Exciting Projects And Commercial Architecture

b10 [2].jpg

We are working on some very exciting projects and we want to share more about them as our blog continues. We also want to share the different types of architecture these new projects are exploring and what makes each type unique from the others!

Architecture Plus, as many of you know, is a full-service architectural design firm that specializes in renovations, residential new construction, commercial building design and the adaptive reuse of older buildings. We will be exploring each type of design over the next few blogs but we specifically wanted to talk about commercial architecture in this blog. Why? Because of this new and exciting project captured in the pictures above. We are so excited to show off this new build to you.

What you are looking at in the photos above is a new HBIG Retail Center at the Palmetto Commerce Parkway in North Charleston. This upcoming single story, two building contemporary boutique retail facility will be located along the fast-growing corridor of North Charleston's business and industrial sector and will total 15,000 square feet. In addition to Business and Retail, this project is also designed for a restaurant tenant with access to out-door covered dining in building 1 and a Dunkin Donuts with a-drive thru within building 2. This facility will provide much-needed support for the businesses that are surrounded nearby. Pretty exciting, right? We believe that the architecture of our buildings must be durable, functional, culture-based, and responsive to each individual character and to the desire of each individual client. Which this new project completely embodies.

No matter if we are building a commercial or residential building we strive to implement these goals. But what exactly defines commercial architecture and what makes it different from residential architecture? Let's explore this idea! Commercial architecture is focused on buildings and spaces that will be used for commercial purposes. These spaces can include offices, restaurants, coffee shops, skyscrapers, hospitals, schools, retail outlets, and any other facility where commercial business can be held. It does differ from other types of architecture, but it's beginning steps like sit evaluation, blueprint creation, and permit documentation can be very similar to other types of architecture. But there are very specific things that make commercial architecture unique and stand on its own.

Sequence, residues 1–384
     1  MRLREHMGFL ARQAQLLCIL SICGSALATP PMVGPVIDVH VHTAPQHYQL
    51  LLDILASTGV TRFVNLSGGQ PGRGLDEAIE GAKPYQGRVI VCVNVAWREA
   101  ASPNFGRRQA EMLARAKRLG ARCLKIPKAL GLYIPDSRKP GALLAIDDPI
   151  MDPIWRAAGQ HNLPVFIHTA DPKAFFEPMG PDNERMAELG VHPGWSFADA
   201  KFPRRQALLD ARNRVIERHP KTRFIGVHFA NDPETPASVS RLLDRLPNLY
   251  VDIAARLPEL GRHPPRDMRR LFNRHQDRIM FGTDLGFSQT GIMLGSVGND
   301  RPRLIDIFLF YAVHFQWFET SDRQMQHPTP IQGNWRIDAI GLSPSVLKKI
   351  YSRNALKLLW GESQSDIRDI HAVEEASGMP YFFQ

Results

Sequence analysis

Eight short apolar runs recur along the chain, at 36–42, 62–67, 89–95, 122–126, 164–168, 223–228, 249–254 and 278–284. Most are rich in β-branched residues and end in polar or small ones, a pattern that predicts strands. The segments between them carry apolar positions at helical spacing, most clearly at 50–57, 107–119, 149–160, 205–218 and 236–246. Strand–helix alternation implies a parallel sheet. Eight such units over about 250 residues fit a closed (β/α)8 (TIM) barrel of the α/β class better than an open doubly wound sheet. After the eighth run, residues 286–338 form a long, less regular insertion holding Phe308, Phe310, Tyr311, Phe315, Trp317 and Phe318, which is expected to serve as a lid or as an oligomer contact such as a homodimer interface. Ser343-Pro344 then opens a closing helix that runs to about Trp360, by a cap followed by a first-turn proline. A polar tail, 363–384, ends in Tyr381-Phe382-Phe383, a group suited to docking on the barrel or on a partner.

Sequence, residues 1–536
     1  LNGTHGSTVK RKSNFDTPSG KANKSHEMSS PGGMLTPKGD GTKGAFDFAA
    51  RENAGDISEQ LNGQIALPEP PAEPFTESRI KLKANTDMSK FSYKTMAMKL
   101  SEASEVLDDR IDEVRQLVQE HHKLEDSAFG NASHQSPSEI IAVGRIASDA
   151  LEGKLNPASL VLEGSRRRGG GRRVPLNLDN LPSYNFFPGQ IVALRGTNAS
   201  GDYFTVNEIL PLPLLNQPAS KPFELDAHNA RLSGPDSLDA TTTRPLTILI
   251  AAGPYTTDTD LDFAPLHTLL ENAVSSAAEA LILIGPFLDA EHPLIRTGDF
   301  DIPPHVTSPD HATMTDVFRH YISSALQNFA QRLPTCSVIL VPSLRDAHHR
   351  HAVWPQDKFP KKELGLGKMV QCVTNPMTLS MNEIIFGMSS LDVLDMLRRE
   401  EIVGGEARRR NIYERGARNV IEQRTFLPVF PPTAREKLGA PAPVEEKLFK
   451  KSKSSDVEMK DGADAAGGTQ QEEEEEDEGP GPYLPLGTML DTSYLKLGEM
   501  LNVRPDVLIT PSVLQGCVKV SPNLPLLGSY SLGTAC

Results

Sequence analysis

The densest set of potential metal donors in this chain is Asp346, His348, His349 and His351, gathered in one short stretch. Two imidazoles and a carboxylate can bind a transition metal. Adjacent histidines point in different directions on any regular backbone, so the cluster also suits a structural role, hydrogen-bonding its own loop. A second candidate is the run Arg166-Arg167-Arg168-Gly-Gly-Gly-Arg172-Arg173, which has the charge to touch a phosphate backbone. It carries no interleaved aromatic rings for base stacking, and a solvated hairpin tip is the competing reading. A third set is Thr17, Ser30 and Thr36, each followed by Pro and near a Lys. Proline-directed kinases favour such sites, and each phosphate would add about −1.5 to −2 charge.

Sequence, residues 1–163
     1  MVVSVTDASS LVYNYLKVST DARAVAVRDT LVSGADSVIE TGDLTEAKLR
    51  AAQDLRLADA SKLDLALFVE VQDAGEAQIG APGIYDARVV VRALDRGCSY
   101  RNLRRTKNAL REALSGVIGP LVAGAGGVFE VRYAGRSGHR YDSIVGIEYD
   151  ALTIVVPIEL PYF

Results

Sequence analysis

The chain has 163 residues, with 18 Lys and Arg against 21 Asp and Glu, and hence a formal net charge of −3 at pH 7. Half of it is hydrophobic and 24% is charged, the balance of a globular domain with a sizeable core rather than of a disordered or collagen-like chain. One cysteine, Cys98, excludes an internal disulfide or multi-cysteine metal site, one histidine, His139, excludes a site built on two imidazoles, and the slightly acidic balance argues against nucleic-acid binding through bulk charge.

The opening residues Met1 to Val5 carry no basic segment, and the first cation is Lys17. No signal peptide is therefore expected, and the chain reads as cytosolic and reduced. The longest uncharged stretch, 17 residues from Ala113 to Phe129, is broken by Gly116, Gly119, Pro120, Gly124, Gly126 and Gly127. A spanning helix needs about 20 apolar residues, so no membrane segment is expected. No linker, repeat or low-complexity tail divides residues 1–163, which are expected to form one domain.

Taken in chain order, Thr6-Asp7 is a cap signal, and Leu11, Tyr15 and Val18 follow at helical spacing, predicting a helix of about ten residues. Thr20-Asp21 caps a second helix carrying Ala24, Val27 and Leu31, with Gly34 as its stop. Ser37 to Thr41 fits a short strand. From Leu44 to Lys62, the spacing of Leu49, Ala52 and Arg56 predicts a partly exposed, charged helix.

• These buildings have many more purposes than just being lived in.

  • They can be and usually are much larger than most residential buildings.

  • Commercial architecture focuses on the client's business needs. The whole design will be created specifically for the business it houses and what kind of business will happen within its walls. These buildings will be built to help the business reach its highest potential. One of the major challenges it will face is that it needs to accommodate a vast variety of people than a residential building usually does. People from all different walks of life will come in and out of the building for many different reasons. These buildings need to be able to accommodate them without question.

  • The architect chosen to design a particular commercial design needs to know how certain designs can improve focus, productivity, how the customers and clients will interact based on its design, and how the brand of the company will be perceived through the architecture of the building.

  • The architect must have an eye for keeping the business that will be housed in these buildings above and beyond their competition for years to come. The look, the feel, and how it can accommodate growth within the building itself always needs to be considered.

  • There could be extra accommodations needed for these buildings that wouldn't be found in residential buildings. You might need special HVAC systems, specialty rooms for work above and below ground, elevators, escalators, large bathrooms, and large meeting spaces. With these special needs come special building codes and safety elements and regulations.

The list does go on, but these are some of the specifics that separate a commercial design from a residential design. Thank you for sharing our excitement for this upcoming project, and we are excited to share more with you in the future!

Tim Hilkhuijsen